I remember growing up that it was polite and, I was told, important to greet relatives with hugs and kisses. Almost always, those types of greetings were initiated by adults with parents looming over to make sure I reciprocated. To deny grandma her hug was cruel and definitely not what a “good girl” did. Even if I felt uncomfortable, it was important to put in the work to show gratitude and love to relatives. Ick.
Fast forward 30 years and I am a mom. I remember the first few months after my kids were born that the idea of letting anyone (other than my husband) hold my babies was terrifying. I’ll never forget the day an extended family member literally picked up one of the babies and walked out the front door. Every single nerve ending in my body shot on end. It became a fight or flight situation. And I was not even the baby being held. As my children grew, they also made it very clear that they did not want to be held by anyone except their parent and sometimes only one of us and not the other!
It has always been our family’s policy– and I advise other parents– to NEVER force a child to be held, hug, kiss, or otherwise be affectionate with anyone unless they WANT to. Never, ever, ever. And that includes even us, the parents. If politeness is a family value, that can be demonstrated by other forms acknowledgement and as kids get older we can decide how important it is to tackle manners.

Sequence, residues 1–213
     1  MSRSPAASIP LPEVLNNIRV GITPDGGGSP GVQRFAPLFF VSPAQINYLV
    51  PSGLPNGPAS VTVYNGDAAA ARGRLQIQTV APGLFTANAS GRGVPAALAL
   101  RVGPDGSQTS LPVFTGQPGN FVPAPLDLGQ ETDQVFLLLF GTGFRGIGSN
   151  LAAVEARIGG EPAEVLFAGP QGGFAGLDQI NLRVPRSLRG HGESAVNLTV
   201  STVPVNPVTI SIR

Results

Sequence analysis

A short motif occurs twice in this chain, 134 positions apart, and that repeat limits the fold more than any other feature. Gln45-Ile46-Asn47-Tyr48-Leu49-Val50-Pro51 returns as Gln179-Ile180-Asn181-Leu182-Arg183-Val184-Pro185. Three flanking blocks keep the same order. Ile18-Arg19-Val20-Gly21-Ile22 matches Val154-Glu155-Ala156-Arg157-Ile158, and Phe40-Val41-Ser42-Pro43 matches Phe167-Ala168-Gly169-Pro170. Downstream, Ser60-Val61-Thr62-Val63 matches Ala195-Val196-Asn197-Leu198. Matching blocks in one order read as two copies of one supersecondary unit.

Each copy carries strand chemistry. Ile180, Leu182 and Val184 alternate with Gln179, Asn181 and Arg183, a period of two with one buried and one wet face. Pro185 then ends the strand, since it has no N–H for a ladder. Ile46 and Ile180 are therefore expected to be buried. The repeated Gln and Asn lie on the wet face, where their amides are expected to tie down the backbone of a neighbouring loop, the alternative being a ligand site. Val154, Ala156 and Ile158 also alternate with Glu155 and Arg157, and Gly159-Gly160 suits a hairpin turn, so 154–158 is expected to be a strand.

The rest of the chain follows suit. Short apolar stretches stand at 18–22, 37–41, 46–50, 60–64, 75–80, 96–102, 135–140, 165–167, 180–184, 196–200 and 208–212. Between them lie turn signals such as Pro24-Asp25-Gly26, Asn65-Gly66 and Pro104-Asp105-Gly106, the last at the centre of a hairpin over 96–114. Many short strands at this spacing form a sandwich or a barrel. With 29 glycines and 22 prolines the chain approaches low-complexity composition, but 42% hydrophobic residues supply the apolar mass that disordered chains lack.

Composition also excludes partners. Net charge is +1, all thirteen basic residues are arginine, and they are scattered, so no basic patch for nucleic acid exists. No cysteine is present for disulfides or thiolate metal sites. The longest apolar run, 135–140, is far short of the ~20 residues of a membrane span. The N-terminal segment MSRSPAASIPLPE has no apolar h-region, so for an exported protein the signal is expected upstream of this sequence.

But no person should be forced to have physical contact with anyone they don’t want to. And beside that, there are lots of good reasons from a sexual abuse-prevention approach to never force your children to have physical contact against their will.
Everydayfeminism.com recently addressed 7 of those reasons in its article, Your Child Should Never Be Forced To Hug Anyone (Yes, Even A Relative)- Here Are 7 Reasons Why
1. It teaches your child that they don’t have control over their own bodies
2. It implies that you (or adults in general) have the right to touch the child how they want, when they want
3. It tells them relatives can’t be abusers
4. It disregards your child’s comfort zone
5. It risks dismantling their healthy sense of stranger danger
6. It ignores any important subtle cues your child is trying to tell you
7. It sends the message that hugging (or physical contact in general) is the only way to show affection or appreciation for another person
At the end of this parenting experience, we all want our children to grow up with a healthy sense of self, feeling safe, and actually being safe. Not making kids show affection when they don’t want to is one way toward that end.